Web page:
This is a review of “Adapt: Why Success Always Starts With Failure” by Tim Harford which puts forward the thesis that “trial and error” is the only way forward for complex endeavours to succeed.
Opening up to trial and error is divided into three tasks:
- Providing scope for variation in what you do;
- Establishing whether or not a variant has been successful;
- Making sure that you have systems in place to cope with failure.
Each of these tasks is illustrated with a wide range of real-life examples: using the Iraq War to highlight the difficulties of running “trial and error” inside control structures that are designed to take in information, channel it to the top of the organisation and provide a channel back from the top to the bottom. Donald Rumsfeld, apparently, would not refer to the “insurgents” as “insurgents” so hobbling the US’s ability to fight an “insurgency”.
Alongside these major case studies are smaller ones, such as on Jamie Oliver’s school dinners which showed that feeding children healthy food at primary level led to measurably better outcomes in education and attendance than comparable groups not within the scheme, you can see the study here.
There is also a section on using a carbon tax to address anthropogenic climate change, this fits in as a way of making selection possible by providing a simple measure of “success”. Harford is scathing of the ”Merton Rule” which demands that new build of above a certain size generate 10% of their electricity onsite by renewable means. As put by Harford this means installing capacity rather than demonstrating capacity which has lead to the use of dual fuel systems (nominally able to take renewable fuel) that are ultimately only used with non-renewables so providing no benefit at all.
The Piper Alpha and Three Mile Island accidents are provided as examples of the importance of being able to fail safely, they didn’t or rather Piper Alpha didn’t – arguably Three Mile Island just about failed safely. This was linked to failings in the financial system where large organisations, such as Lehman Brothers failed in a matter of hours with administrators scrabbling around frantically to come up with a controlled-landing plan. This is failure at large scale, but there is also coping with failure at the personal scale. For example, using “Deal or No Deal” as a model system in which contestants can “lose” which changes their estimations of risk for subsequent play for the worse.
One issue with “trial and error” is that the proponents of any method are often so convinced of the value of their method that they feel it immoral to subject anyone to an “inferior” alternative in order to conduct a trial. This is highlighted with a story about Archie Cochrane, pioneer of the randomised control trial in medical studies. He had been running a study on coronary care, comparing home-based care to hospital care. This had met with some opposition, with medics insisting that the home-based arm of the trial was unethical because it was bound to be inferior. When results started to come in it turned out that one branch of the trial was inferior to the other – Cochrane misled his colleagues into believing it was the home-based arm that was inferior – they demanded that it should be closed down but were rather silent when he revealed that it was in fact the hospital-based arm of the trial that was inferior!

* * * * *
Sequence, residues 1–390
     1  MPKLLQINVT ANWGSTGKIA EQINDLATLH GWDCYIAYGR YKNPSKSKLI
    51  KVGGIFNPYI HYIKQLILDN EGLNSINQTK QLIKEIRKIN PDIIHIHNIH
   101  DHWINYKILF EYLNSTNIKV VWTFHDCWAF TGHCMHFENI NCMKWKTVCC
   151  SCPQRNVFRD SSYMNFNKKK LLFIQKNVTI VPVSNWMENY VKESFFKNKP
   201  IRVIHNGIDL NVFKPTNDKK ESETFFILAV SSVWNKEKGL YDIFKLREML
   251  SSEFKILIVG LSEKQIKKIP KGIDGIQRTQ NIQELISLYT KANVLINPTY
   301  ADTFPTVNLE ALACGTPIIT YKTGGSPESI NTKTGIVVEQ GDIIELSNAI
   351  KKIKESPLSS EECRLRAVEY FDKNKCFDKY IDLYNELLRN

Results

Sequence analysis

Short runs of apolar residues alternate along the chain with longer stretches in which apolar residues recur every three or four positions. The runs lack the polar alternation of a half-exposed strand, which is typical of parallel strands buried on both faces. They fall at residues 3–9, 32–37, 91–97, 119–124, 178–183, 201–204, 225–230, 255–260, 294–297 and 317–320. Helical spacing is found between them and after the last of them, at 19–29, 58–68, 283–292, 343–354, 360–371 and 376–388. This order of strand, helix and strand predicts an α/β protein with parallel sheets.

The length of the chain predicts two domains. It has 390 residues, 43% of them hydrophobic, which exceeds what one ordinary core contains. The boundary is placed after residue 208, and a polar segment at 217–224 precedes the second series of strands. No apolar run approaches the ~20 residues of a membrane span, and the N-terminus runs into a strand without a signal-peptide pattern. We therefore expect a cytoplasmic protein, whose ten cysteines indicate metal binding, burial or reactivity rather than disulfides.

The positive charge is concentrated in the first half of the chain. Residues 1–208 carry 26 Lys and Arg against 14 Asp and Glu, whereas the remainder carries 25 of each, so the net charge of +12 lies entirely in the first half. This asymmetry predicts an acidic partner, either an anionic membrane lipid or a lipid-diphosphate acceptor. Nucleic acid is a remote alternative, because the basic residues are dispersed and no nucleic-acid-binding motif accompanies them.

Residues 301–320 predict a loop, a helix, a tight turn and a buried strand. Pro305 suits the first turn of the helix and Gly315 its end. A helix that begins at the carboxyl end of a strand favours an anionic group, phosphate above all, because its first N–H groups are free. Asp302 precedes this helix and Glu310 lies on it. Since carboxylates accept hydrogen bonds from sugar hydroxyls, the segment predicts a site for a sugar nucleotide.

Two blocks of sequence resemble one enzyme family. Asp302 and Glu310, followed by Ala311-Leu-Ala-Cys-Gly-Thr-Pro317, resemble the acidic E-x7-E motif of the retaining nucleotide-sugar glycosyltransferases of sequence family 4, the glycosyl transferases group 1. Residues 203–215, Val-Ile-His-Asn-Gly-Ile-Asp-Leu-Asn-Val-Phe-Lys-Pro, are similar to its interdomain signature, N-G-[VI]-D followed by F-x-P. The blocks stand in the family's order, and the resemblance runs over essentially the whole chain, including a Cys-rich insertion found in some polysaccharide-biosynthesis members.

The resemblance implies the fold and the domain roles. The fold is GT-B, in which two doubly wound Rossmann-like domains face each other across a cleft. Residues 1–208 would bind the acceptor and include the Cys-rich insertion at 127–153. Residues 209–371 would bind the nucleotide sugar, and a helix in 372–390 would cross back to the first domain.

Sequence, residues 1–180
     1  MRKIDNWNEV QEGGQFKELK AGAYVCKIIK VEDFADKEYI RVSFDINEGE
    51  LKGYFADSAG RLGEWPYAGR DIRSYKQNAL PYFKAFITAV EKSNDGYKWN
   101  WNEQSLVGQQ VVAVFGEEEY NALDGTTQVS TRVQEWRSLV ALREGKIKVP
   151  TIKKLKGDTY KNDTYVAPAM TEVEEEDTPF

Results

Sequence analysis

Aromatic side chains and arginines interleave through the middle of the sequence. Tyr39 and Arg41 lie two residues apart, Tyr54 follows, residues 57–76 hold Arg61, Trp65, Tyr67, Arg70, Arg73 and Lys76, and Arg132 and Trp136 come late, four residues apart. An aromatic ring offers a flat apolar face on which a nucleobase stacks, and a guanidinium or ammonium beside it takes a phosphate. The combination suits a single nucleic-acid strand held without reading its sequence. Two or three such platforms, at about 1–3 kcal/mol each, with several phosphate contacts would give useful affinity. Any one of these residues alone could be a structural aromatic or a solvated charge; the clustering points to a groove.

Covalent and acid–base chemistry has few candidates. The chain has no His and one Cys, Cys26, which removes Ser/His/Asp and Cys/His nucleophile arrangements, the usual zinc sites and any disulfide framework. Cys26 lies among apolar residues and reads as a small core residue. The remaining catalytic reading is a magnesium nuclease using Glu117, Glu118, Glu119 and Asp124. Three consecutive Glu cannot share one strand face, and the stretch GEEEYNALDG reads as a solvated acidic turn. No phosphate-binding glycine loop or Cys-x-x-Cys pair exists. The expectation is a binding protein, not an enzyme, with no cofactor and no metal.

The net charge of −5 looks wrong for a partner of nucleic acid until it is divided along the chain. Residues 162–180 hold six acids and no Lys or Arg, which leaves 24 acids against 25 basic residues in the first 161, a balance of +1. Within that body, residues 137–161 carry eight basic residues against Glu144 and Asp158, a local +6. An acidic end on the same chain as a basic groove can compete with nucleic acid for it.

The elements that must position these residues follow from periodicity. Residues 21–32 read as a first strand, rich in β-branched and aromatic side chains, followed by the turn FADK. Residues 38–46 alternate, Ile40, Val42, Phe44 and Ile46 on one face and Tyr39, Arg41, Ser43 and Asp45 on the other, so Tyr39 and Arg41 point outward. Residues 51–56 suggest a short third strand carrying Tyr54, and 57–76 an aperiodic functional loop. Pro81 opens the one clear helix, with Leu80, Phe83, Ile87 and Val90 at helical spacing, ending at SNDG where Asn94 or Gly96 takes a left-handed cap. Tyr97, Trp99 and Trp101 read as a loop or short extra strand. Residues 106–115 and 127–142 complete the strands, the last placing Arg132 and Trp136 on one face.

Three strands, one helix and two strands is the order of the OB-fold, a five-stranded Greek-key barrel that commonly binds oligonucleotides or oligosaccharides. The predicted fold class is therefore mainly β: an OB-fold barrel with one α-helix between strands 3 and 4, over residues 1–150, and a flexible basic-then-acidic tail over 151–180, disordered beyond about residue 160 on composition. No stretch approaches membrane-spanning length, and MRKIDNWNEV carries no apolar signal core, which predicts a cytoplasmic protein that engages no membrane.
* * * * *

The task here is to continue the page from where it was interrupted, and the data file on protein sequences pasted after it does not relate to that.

Harford also discusses funding for research, in particular that blue-skies research could not be valued because the outcomes were so uncertain, highlighting the success of the Howard Hughes Medical Institute which funds speculative biomedical research in the US. What he goes on to say is that the use of prizes is a way out of this impasse. Using as an example the Longitude Prizes, his presentation plays up the friction between Harrison and the Board of Longitude. The Academie Des Sciences also ran prizes but until recently the method had been out of favour for approaching 200 years. The recent revival has included things like the DARPA challenges for self-driving cars, Ansari X Prize, the Bill and Melinda Gates Foundation prize for vaccines and Netflix’s film selection challenge. These have been successful, however it’s difficult to see them finding more general favour in the academic community since the funding is uncertain and appears only after researchers have expended resources rather than receiving the resource before doing the work.
From a practical point of view “trial and error” happens in the private sector, if not within companies then between. In the voluntary sector it has taken some hold, for me some of the more compelling examples were by the “randomistas” studying the effectiveness of aid programmes. In the public sector “trial and error” is more difficult: there is less scope for feedback on the success of a trial – you can’t meaningfully count customers through the door, or profits made, so there is a need for proxy measures. Furthermore, the appearance of failure carries a high price in the political sphere. This is not to say it shouldn’t happen, simply that “trial and error” face particular challenges in this area.
I like the central thesis of the book, it fits with my training as a scientist; my field allows for more direct experimentation than a randomised trial but the principle is the same. It also has pleasing parallels with biological evolution, which Harford explicitly draws. The book is well referenced, in fact I hit the end unexpectedly as I was reading on a Kindle – I couldn’t “see” the length of the end notes!